Wednesday, March 3, 2010

HOMELESSNESS, NEIGHBORS & INDIANAPOLIS

A few responses after the Davidson Street bridge "clean up"
 
I have submitted the following as a Letter to the Editor of the Indianapolis Star (Update: it was published on Monday, March 8, 2010) 


Grappling with homelessness in our communities is gut-wrenching.  The angst felt by many in the recent Davidson Street bridge ordeal isn’t isolated.  Homeless issues are complex and answers aren’t one-dimensional, easy, or final.  As a long-time resident of Indianapolis, as well as having served as an urban pastor, Executive Director of the John H. Boner Community Center and Horizon House homeless day center, I’ve felt the full range of concerns.

Here are a few things I hope our city’s current decision makers take to heart as they continue to address homelessness in our city:

1. Housed or homeless, we are all neighbors.  Labeling people without addresses as “the homeless,” “homeless people,” or worse is neither accurate nor helpful.  A person without a permanent dwelling (for whatever reason) is still our neighbor.  Neighbors without houses are usually taxpaying, law-abiding, and desire to contribute to the common good.  How we conceive of the other is decisive for where we go in our responses.

2. As a city, we have not yet filled critical gaps in the Indianapolis “Blueprint to End Homelessness.”  Most glaringly missing is an engagement center.  The most vulnerable of our homeless neighbors do not stay in rescue missions because of chronic alcoholism or drug addictions.  Every year, many of these neighbors die unnecessarily on our streets.  Homeless neighbors who are publicly intoxicated, chronically addicted, and without other recourse can find life-preserving shelter and first-response professional care at an engagement center.  City after city has saved taxpayer dollars in public safety, jail, and emergency room expenditures--not to mention saving many lives--by robustly supporting this.  It’s time for Indianapolis leadership to step up and make an engagement center a local reality.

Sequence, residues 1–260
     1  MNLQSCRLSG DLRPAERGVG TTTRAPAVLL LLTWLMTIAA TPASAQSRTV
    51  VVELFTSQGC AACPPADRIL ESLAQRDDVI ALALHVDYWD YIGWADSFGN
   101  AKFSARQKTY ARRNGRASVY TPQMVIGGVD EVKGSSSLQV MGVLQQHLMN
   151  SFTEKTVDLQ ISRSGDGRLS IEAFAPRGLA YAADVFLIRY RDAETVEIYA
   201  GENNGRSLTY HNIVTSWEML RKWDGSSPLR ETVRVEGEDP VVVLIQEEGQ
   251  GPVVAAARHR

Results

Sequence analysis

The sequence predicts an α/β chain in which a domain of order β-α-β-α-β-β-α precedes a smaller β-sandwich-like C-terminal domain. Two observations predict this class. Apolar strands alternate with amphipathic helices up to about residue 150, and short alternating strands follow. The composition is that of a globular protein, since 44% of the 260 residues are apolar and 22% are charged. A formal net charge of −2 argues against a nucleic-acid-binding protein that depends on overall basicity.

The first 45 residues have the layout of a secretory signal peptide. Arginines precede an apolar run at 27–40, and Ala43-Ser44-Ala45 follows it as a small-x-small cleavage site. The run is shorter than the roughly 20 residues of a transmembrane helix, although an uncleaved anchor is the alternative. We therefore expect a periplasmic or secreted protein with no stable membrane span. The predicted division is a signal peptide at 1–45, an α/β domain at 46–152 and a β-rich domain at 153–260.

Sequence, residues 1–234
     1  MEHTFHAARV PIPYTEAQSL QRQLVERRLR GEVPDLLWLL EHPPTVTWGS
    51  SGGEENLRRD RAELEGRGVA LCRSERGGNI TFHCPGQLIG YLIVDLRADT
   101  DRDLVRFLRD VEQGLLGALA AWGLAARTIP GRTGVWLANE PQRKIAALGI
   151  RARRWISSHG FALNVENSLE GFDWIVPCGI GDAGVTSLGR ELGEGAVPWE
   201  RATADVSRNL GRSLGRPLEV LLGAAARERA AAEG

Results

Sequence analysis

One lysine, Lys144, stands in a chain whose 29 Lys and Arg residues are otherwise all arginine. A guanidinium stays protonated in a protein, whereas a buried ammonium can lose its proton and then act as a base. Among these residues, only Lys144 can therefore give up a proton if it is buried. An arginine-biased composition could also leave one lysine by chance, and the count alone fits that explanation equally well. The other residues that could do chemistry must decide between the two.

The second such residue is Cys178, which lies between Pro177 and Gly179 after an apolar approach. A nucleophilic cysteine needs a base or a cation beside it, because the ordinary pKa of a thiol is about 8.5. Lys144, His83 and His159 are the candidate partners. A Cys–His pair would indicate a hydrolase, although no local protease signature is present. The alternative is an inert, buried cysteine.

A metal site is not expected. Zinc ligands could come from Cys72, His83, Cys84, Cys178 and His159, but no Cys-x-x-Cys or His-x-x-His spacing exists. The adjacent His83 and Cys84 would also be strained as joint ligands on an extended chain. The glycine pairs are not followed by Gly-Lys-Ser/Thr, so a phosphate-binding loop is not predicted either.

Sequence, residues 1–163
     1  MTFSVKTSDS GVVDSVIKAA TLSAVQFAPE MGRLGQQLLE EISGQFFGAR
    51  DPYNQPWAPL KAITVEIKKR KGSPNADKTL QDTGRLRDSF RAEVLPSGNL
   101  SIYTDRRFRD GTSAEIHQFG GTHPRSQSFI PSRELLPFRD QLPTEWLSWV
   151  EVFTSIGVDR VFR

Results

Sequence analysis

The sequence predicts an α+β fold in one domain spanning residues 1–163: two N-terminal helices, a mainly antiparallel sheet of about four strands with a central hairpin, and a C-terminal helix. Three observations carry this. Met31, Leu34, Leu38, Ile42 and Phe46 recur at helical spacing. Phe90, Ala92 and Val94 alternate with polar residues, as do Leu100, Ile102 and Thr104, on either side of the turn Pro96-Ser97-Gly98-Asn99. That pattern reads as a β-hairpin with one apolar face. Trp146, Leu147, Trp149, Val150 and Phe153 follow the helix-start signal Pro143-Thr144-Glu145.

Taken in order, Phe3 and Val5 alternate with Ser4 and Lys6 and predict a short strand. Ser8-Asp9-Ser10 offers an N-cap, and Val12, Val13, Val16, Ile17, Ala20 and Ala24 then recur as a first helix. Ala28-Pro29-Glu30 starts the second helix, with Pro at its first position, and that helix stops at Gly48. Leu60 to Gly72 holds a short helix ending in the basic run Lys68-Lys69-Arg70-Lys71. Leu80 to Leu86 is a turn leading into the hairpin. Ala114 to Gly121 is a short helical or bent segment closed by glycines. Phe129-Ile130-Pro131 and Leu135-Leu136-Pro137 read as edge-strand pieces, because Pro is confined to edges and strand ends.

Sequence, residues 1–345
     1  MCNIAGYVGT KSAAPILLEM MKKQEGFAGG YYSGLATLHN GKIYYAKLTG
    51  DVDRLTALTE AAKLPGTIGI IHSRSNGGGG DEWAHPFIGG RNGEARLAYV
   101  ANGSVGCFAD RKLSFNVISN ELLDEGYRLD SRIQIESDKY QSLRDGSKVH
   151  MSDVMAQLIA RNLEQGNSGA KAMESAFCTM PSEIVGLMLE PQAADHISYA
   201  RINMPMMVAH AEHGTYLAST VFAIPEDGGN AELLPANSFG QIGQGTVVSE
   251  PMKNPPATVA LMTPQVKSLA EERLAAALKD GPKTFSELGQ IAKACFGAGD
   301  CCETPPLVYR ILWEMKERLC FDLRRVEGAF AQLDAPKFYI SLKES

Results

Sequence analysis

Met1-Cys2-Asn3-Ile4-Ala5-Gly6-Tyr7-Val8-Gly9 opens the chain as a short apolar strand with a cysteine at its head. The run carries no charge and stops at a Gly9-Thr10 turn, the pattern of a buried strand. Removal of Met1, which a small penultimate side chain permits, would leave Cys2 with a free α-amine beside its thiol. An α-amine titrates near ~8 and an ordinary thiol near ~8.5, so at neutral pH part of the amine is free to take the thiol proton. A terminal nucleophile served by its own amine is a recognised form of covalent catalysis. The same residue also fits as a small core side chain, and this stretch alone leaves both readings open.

3. Individuals and families who are homeless deserve and require our best resources because their future and the region’s are tied together. The vast majority of the homeless neighbors residing in Indianapolis and across Central Indiana are not single adult males, but women and children.  But single adult males cannot be relegated as less significant or worthy of our caring, thoughtful responses.  Difficulties and complexity notwithstanding, our commitment to help our neighbors end their homelessness is part of what will make this the shining city that our forebears envisioned so long ago.

In the spirit of dialog, I welcome comments and/or questions. Click on "responses" below to post. They're moderated only to reduce incivility.

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Your tasteful comments and/or questions are welcome. Posts are moderated only to reduce a few instances of incivility.